So, at my 2.5 miles and about an hour, I called it. I decided to wait for them at a stopping point while they carried on through the madness. It was pitch black, freezing, windy. I thought this is the last time I see Julie. This is how I die. Alone on the side of a volcano in Indonesia. I thought this is a metaphor for my life. I did what anyone would do and started journaling and felt much better about everything and decided I didn’t have to be good or even like everything. And more, but we shall leave it at that.
What I wish I’d known was that everyone was struggling with this climb. All the tourists behind me would come to my landing, panting, some heavy set German ladies were literally screaming. A group of Chinese tourists showed up and hilariously decided that no one at home would know this wasn’t the top of the climb and took many photos. They had eggs to cook to and did so on the stove of the warung that was giving me some shelter from the wind. I spent the rest of my lone time watching the sun (sort of) peek its head through the clouds. Chatting with an Indian man also resigned to ditching his group for the side of the mountain, I had a lovely time waiting for Julie and our guide to return for me.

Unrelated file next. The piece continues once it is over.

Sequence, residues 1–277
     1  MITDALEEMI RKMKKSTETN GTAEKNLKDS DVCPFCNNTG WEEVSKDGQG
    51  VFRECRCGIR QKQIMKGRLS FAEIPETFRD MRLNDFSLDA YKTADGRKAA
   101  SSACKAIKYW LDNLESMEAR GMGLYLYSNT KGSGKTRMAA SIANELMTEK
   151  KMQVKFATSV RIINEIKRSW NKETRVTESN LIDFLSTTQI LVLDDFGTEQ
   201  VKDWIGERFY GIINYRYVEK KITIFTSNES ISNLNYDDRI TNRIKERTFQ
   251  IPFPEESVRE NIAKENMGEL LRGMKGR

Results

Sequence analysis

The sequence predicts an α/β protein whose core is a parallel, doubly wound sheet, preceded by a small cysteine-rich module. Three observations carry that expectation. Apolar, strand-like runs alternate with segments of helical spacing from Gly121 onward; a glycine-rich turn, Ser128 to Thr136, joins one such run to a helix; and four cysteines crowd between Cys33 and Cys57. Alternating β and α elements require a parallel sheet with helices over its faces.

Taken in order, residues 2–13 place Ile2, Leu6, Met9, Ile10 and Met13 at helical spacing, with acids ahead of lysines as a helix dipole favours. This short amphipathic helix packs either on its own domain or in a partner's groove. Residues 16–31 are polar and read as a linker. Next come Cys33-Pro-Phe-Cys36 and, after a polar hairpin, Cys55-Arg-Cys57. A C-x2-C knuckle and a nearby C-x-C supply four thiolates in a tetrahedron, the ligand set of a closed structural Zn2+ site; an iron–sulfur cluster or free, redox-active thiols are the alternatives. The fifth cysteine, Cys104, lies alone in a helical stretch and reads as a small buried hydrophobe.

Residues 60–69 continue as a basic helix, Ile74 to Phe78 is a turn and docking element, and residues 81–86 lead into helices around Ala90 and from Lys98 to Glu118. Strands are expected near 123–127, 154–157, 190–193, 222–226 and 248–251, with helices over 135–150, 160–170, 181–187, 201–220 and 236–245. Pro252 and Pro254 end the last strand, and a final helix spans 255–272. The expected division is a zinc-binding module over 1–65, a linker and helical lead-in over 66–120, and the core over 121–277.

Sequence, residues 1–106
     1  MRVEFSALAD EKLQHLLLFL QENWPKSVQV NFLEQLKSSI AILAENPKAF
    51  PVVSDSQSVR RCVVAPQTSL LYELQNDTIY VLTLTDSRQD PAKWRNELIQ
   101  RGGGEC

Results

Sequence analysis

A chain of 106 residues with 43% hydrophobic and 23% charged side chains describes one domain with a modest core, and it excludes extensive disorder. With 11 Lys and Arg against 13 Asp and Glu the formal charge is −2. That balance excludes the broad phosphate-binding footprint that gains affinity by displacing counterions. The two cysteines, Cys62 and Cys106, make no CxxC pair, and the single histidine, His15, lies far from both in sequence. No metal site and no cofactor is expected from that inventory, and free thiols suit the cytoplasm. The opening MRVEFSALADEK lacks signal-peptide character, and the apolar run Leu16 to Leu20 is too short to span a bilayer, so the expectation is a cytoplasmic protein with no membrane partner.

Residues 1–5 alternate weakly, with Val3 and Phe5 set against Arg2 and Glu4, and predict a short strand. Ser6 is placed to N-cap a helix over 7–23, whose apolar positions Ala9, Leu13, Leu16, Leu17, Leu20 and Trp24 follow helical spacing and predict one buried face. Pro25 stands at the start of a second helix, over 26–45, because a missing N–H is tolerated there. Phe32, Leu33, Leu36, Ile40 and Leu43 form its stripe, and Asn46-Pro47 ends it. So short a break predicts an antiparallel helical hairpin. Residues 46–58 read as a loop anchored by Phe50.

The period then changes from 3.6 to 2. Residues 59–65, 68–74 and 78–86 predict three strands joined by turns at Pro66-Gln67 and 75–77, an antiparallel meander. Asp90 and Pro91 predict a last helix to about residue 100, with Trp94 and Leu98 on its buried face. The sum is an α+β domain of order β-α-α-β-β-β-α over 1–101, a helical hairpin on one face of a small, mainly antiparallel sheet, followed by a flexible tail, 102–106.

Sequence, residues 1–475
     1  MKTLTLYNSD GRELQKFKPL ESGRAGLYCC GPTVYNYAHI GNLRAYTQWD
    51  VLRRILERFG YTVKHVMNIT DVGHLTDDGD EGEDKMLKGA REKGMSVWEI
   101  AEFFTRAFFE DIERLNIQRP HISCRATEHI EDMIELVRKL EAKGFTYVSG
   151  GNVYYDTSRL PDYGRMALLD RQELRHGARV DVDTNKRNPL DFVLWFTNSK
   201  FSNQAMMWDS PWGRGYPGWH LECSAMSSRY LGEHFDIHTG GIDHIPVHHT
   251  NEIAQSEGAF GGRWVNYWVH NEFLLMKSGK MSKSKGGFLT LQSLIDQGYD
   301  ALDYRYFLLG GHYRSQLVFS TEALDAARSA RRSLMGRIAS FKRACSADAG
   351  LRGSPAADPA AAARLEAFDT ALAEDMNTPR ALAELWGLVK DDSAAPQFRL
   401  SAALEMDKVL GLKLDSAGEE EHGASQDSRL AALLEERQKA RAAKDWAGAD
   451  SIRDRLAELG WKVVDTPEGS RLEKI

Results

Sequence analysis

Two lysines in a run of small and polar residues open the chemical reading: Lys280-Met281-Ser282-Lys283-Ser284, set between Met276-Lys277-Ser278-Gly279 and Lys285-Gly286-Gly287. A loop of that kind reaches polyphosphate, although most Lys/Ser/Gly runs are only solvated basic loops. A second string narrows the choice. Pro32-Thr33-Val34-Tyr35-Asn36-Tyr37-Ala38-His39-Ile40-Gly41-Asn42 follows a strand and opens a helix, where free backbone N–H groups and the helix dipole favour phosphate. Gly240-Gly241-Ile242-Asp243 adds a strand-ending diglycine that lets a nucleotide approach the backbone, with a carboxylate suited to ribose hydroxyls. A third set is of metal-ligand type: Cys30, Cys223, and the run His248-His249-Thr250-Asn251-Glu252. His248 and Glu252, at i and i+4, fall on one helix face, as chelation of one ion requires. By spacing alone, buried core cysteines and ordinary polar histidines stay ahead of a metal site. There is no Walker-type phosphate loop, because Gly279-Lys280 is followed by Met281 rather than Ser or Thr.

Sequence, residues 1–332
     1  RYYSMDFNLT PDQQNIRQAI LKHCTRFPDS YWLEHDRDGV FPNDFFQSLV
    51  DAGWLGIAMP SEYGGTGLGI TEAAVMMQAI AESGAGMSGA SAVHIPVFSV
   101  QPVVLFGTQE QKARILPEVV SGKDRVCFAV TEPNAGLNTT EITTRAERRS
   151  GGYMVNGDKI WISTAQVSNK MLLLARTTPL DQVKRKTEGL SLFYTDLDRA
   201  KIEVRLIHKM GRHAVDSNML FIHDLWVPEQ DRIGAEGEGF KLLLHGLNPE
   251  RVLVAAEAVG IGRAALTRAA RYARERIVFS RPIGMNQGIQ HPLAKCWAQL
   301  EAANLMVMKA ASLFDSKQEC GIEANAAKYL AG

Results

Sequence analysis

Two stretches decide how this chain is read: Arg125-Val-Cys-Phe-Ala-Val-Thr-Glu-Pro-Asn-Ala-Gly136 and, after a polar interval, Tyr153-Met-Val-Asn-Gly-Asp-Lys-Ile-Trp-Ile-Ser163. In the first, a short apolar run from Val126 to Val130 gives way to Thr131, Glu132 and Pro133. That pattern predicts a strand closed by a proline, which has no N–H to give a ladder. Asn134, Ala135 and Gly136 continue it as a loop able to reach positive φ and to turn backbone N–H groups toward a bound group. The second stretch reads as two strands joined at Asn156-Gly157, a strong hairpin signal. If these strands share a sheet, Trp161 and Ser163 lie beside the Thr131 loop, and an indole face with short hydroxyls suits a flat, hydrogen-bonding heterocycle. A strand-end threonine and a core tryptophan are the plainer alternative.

Turns out, the egg cooking worked and that they saw even less of a sunrise than I did.
Filthy and sore, we headed to the Mount Batur hot springs. We’d planned for this and brought swim wear. Leisurely enjoying the pools, looking out across the volcanic lake, and chatting with Ring while he played Future of all things over the loud system was a much needed end to the world’s longest morning. The cloud game was real.
We headed back to the hotel for some pool time and then visited the John Hardy boutique and factory. I needed something really girly after such a taxing morning.
We had dinner at the Four Seasons afterward which was perfect. The hotel was so beautiful – infinity lily ponds – that I could definitely see why the Obama’s chose to stay there over the summer and why Julie now wants to get engaged here.